For the state variables and , we set the upper and lower bound for their range. However, for the state variables and , free space is non-convex in nature, hence it becomes quite computationally expensive to set them in the non-convex form for the optimization problem. Hence we use the IRIS algorithm we have used in previous work [7] to derive a set of convex constraints which can be used for efficient optimization of the path tracking problem while also ensuring safety through collision avoidance. IRIS optimizes the objective of finding linear constraints for each obstacle such that the resultant convex space fits the largest possible ellipsoid. We set the seed for IRIS as the predicted position (without uncertainty) of the vehicle after time to get the resultant convex space .

Iii-D3 Disturbance-invariant set ()

The disturbance-invariant set can be over-approximated using [13]. However, in the presence of delay, would be different for the next control cycle, hence for robustness, must be sufficient to be covered by .

Theorem 1.

Given the optimization in Eq. 3, the disturbance-invariant set is calculated as , i.e., a union set with all possible values of initial heading angle, speed and steering angle within the admissible range, which determines the Jacobian matrix . The invariant set guarantees robust initialization of the optimization problem.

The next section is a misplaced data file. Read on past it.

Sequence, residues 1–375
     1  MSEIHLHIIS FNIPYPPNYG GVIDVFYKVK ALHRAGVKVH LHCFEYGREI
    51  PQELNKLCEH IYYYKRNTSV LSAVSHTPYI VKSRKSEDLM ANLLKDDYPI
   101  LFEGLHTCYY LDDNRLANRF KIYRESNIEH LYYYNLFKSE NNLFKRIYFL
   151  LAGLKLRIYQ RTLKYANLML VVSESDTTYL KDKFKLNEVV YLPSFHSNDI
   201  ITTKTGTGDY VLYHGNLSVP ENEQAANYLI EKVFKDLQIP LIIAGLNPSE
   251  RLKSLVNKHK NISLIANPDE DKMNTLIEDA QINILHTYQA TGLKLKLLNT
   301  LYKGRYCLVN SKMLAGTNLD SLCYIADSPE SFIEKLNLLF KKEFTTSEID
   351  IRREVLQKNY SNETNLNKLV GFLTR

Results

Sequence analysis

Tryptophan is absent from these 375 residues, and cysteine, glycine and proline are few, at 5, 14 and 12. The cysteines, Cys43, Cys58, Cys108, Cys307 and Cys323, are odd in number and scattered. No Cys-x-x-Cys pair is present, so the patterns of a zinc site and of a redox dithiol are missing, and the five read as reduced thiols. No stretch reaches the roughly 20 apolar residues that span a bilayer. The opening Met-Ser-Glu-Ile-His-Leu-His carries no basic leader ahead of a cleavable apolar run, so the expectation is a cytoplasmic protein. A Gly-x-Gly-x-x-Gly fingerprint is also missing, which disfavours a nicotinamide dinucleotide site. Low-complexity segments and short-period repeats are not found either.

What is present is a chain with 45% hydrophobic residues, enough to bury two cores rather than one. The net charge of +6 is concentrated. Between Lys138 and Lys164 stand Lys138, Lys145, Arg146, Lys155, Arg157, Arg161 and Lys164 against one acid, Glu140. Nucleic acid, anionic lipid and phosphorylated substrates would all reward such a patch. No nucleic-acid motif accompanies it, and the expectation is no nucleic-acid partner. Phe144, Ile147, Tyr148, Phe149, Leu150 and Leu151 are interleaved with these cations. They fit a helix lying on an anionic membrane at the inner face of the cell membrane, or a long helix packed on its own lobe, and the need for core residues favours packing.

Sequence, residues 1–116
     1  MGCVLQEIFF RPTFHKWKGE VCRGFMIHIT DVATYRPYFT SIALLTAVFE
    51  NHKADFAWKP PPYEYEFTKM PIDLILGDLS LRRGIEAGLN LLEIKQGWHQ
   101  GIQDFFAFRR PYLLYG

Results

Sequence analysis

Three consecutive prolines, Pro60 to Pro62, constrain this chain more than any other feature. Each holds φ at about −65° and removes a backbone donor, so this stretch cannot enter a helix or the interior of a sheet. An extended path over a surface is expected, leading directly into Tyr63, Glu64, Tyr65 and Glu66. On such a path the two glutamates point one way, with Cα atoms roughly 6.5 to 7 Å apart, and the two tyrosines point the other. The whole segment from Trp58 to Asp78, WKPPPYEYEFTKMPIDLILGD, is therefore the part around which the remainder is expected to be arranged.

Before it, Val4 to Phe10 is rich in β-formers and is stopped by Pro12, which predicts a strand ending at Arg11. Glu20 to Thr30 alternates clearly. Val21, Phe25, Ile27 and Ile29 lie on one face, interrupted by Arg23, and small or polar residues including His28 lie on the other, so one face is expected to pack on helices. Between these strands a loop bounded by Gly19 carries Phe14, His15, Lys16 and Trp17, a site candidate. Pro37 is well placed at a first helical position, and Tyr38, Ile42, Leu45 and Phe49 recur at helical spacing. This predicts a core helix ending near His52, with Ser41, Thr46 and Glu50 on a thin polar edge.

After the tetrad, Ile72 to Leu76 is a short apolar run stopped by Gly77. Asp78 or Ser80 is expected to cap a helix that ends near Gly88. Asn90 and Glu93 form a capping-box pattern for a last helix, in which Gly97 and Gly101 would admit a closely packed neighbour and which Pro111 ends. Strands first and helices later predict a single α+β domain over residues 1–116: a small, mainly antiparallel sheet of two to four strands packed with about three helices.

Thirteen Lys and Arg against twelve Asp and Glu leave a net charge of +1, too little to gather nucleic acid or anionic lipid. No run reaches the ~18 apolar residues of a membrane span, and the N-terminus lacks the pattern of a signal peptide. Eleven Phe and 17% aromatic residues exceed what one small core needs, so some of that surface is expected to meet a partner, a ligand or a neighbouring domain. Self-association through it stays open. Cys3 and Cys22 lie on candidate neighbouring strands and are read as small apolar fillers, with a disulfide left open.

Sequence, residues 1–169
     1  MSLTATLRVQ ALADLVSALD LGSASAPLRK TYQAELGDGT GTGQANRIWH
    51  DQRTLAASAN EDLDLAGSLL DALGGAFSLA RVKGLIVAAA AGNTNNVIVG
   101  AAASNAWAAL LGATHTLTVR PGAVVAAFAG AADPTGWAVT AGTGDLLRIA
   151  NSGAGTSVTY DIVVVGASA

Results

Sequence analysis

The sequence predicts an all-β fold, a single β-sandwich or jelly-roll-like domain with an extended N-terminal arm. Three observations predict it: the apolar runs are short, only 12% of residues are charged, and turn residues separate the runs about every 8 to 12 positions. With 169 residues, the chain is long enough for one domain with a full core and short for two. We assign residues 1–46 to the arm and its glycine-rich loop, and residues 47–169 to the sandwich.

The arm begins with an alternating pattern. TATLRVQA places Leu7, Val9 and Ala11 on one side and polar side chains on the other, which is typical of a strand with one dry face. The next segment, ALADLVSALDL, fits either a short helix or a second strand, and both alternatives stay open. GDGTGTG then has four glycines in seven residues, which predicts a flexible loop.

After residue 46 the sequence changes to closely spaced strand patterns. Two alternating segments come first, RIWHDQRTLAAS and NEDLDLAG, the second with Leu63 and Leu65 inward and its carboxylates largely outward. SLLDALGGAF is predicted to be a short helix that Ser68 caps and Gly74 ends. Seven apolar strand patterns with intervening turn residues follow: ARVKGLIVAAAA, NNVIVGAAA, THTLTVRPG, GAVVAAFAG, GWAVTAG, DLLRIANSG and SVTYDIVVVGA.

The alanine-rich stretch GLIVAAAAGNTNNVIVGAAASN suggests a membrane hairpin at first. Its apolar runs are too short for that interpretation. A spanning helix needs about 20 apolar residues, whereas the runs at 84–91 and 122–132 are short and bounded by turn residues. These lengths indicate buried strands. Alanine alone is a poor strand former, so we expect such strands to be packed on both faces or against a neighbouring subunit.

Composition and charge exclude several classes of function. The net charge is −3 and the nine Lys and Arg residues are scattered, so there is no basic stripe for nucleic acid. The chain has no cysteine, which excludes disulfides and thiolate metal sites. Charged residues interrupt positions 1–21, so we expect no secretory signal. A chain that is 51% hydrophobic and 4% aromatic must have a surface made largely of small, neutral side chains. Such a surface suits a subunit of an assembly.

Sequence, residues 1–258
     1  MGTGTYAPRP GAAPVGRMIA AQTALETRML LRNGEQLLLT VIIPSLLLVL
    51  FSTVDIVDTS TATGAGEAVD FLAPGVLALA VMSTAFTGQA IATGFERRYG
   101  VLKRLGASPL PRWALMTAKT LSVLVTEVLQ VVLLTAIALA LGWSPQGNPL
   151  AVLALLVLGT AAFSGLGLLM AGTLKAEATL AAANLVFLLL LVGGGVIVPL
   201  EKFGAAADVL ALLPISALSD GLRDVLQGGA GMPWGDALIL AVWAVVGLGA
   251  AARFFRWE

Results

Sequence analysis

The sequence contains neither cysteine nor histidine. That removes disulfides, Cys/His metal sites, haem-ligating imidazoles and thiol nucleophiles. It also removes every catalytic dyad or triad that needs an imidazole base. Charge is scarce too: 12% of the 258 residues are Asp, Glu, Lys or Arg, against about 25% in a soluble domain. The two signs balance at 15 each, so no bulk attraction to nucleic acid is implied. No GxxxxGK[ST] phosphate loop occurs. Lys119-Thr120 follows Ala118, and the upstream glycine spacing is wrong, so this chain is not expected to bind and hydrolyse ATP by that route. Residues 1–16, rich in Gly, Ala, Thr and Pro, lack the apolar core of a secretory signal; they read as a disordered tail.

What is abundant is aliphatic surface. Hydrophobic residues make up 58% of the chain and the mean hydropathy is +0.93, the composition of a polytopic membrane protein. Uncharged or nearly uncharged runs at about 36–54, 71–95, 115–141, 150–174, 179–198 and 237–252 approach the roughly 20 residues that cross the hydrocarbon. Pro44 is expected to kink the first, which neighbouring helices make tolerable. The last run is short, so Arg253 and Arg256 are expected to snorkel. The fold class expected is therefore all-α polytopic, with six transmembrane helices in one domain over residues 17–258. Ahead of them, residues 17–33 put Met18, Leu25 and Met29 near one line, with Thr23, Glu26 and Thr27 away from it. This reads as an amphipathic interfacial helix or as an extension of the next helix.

Proof.

is the expected state assuming no disturbance after for the current time , and the application of with feedback. is the actual state at . We have , where , From Eq. 3, we have . Hence, in order to guarantee robustness, , we need to ensure has a valid solution, i.e., . As and , we can establish

(4)

Thus, . is the Jacobian matrix, which depends on , , and of . Let’s define set , which consists of all possible matrices.

(5)

Thus, . is chosen as , which concludes the proof. ∎

Iii-E Estimating computation time

We propose INFLUENCE for estimating a local upper bound on computation time. The conventional Kalman filter faces a crucial challenge when the dynamic model and noise covariance are unknown. On the subject of adaptive filters addressing this challenge, existing approaches either assume an unknown dynamic model but known covariance [9] or unknown covariance but a known dynamic model [5, 11]. INFLUENCE assumes that

in the process model, process noise variance

and measurement noise variance

are all unknown. Since measuring time is direct but noisy, it is reasonable to assume the measurement matrix to be the identity matrix. However, if the assumption does not hold in other applications, the identification can be facilitated using the similar approach for process model identification in the INFLUENCE algorithm. We assume both noise distributions to be Gaussian, independent and mutually uncorrelated throughout. To make the optimization tractable, INFLUENCE iteratively fixes